The three major rivers draining Connecticut flow southward to Long Island Sound. The Connecticut River, New England’s longest river, flows southward from Massachusetts to enter Long Island Sound at Old Saybrook. The mouth of the river valley is a deep estuary about 30 km (about 20 mi) long. The Housatonic River, the only other river that crosses the entire breadth of the state, enters Connecticut in the northwest, near Canaan, and then winds across the Western Highland to the sound. Its principal tributary is the Naugatuck, which joins the main stream at Derby. The Thames River flows into Long Island Sound at New London. A long tidal estuary, the Thames forms the mouth of the Yantic and Shetucket rivers. Those two rivers, together with the Quinebaug, the Willimantic, and the Natchaug, which are tributaries of the Shetucket, are the principal rivers of the Eastern Highland.
In addition, numerous short streams, unrelated to the three major river systems, drain the south. Connecticut has about 6,000 lakes and ponds. The largest, Lake Candlewood in the Western Highland, is a reservoir that covers only 23 sq km (9 sq mi). The largest natural lake, Bantam Lake, also in the Western Highland, covers less than 5 sq km (2 sq mi).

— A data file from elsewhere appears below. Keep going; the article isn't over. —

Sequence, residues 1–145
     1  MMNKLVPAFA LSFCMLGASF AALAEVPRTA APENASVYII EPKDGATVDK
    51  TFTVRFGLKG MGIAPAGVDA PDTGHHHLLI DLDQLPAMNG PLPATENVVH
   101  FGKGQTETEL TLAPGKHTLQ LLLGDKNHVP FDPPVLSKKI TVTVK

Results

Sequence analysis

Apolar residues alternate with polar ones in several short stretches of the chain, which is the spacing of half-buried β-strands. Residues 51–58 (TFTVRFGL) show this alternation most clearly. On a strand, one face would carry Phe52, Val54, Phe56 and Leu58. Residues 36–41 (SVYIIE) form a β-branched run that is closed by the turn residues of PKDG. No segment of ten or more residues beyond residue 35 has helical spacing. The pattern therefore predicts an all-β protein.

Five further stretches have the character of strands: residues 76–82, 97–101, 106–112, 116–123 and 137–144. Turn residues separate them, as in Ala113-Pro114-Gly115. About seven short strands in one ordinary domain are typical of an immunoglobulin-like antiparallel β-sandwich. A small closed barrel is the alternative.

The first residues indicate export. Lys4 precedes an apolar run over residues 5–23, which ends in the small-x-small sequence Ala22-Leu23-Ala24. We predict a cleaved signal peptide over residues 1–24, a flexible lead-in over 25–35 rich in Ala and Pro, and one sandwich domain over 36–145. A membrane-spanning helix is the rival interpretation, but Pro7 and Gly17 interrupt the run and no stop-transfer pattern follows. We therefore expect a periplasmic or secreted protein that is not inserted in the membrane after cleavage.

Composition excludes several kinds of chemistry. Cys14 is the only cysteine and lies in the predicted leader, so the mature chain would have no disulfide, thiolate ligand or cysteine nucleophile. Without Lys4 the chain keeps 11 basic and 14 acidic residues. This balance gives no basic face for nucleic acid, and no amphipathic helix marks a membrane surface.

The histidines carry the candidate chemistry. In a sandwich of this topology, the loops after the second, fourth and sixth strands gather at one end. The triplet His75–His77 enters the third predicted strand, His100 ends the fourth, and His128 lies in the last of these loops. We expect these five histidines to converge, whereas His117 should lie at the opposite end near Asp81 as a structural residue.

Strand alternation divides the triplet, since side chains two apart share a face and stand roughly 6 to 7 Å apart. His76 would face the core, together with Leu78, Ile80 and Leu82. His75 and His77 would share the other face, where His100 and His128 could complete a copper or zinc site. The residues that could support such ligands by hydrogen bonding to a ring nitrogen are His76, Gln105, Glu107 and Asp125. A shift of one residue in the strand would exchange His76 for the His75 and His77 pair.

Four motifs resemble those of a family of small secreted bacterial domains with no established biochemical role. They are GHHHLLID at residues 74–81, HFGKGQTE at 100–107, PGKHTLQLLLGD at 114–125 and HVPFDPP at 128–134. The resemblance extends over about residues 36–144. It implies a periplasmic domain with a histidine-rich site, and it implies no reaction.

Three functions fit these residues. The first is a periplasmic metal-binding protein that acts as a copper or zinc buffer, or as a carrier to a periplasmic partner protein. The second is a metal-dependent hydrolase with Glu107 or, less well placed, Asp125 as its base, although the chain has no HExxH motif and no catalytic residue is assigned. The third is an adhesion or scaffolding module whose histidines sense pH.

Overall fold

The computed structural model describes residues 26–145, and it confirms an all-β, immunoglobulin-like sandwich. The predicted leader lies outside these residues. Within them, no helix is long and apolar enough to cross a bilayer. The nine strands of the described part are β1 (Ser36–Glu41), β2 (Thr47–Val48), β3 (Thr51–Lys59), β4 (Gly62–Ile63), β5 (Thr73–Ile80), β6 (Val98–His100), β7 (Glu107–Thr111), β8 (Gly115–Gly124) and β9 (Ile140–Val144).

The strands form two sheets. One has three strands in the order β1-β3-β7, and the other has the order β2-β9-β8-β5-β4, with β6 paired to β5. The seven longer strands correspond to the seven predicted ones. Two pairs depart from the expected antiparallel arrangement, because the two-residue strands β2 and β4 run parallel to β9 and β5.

The state’s shoreline, when all the bays and inlets are taken into account, has a total length of 995 km (618 mi). The coastline is deeply indented by long estuaries and rocky inlets, and there are many sandy beaches and stretches of tidal marsh. There are several good harbors along the coast, the most important of which is at New Haven. A few small islands lie offshore in Long Island Sound. "Connecticut" © Emmanuel BUCHOT, Encarta, Wikipedia
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